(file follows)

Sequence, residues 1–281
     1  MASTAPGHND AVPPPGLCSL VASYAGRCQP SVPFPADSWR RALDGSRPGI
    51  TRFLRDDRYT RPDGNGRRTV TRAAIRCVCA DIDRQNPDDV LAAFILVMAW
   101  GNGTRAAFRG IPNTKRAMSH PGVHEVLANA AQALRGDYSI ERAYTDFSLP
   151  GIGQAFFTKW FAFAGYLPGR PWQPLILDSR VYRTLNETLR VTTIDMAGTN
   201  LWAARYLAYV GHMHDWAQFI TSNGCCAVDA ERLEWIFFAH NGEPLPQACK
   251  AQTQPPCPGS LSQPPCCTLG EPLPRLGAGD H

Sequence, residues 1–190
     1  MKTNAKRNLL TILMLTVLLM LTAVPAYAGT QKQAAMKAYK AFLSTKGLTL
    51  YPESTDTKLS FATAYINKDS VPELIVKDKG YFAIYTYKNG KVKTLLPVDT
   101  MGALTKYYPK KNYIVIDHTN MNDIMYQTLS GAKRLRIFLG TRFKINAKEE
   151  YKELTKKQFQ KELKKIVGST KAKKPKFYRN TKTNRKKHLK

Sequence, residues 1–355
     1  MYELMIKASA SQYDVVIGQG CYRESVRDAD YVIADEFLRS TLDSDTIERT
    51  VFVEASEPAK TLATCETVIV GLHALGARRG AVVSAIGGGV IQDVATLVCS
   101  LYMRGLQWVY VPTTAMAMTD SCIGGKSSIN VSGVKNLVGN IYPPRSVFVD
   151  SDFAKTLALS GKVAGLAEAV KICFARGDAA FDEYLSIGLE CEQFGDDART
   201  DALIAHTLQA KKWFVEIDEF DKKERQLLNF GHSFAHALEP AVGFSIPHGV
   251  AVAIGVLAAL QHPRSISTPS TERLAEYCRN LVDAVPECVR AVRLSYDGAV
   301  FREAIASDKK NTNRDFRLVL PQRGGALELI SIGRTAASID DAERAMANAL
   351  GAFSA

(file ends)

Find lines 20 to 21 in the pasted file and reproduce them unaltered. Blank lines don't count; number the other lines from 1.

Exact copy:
   301  FREAIASDKK NTNRDFRLVL PQRGGALELI SIGRTAASID DAERAMANAL
   351  GAFSA